Real props can also be awkward to carry around all the time, especially if they are quite bulky and/or heavy. Some of our props have included a box, a record collection, a staff, a roll of material and we certainly wouldn’t want to spend the entire game carrying them around. While we don’t mind burdening characters with all this stuff, we’re more considerate about burdening our players.

Bottle of spiders

A bottle of spiders – perhaps not the best thing to reproduce as a prop

Unlike props, item cards are easy to conceal which means you can keep something hidden that you don’t want others to know about. Most items in our games start out concealed, so you may need to provide character-appropriate baggage for your guests.

There’s a school of thought that suggest that larger items (say weapons such as swords) should always be displayed if they are being carried. We haven’t formally included that in our games because we don’t believe it adds anything significant, but we’re very happy if you would like to implement such a rule. One approach would be to display such items with your namebadge.

Realistically, our characters probably aren’t carrying their items around with them all the time; they would probably hide bulky items somewhere secure until needed. However, our games don’t usually a way of interacting with the environment – there are rarely rooms or cupboards or hiding places. Instead, our item card approach abstracts all that away – but if you want to create the additional complexity then go for it. (In that sense the Pickpocket ability may not be actually stealing something from someone – it’s general theft.)

Steve Hatherley

Customising our murder mystery games

Dazzled to Death re-themed for a Mad Hatter's Tea Party

Dazzled to Death – Mad Hatter’s Tea Party style!

Our games aren’t always perfectly suited to your exact needs. Perhaps you want to set Casino Fatale in the 1920s, or perhaps you want to change the names of the characters in A Dead Man’s Chest to those of your favourite movie. Or perhaps you want to run Curse of the Pharaoh for children and need to rewrite the inappropriate plots.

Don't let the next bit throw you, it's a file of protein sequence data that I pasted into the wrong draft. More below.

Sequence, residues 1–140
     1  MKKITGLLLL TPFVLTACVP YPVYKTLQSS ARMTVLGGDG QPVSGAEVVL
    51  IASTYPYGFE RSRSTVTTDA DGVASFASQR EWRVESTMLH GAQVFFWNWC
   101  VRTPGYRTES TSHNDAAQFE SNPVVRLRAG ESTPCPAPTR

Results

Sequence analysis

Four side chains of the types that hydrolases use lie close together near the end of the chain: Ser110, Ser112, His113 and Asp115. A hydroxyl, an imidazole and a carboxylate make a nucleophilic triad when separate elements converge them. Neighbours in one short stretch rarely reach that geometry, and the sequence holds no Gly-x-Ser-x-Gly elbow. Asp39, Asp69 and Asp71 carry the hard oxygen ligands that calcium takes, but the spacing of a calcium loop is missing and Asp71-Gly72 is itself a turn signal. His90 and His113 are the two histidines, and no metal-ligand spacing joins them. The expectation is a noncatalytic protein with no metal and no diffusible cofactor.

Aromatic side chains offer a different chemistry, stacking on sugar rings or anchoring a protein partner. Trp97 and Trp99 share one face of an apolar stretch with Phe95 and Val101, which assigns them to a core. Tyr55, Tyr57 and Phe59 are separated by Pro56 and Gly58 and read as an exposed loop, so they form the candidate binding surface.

Some companies won’t let you change their games, or they will charge you a fortune to make those changes themselves. And while we would have to charge for alterations if you wanted us to make them, we have a simpler solution: we’re happy for you to do it.

We’ll let you have the files in MS Word or OpenDocument (.odt) format for you to amend. Here’s how it works:

  1. You buy the game that you’re interested in.
  2. Then, drop us an email asking for the Word files and explaining why you want them. Please include the purchase ID so that we can check that you really have bought the game.
  3. We’ll then email you the files and you can amend them to your heart’s content.

If the changes you’re making are more extensive than simply changing names, we’d love to hear back. That’s partly because we really love hearing about our games are received, but also because we might want to consider whether we want to make those changes to the original game.

Some of the changes that have been made to our games include:

  • Setting Casino Fatale in the 1920s and 1960s, and moving it to Washington DC instead of Paris.

  • Changing Dazzled to Death to a Mad Hatter’s Tea Party theme.

  • Relocating The Spy Who Killed Me to a US Ivy League university rather than Oxbridge.

  • The Night Before Christmas has been customized to be a “who killed the boss” office party setting.

  • Turning A Dead Man’s Chest into a Prohibition-era mobster game!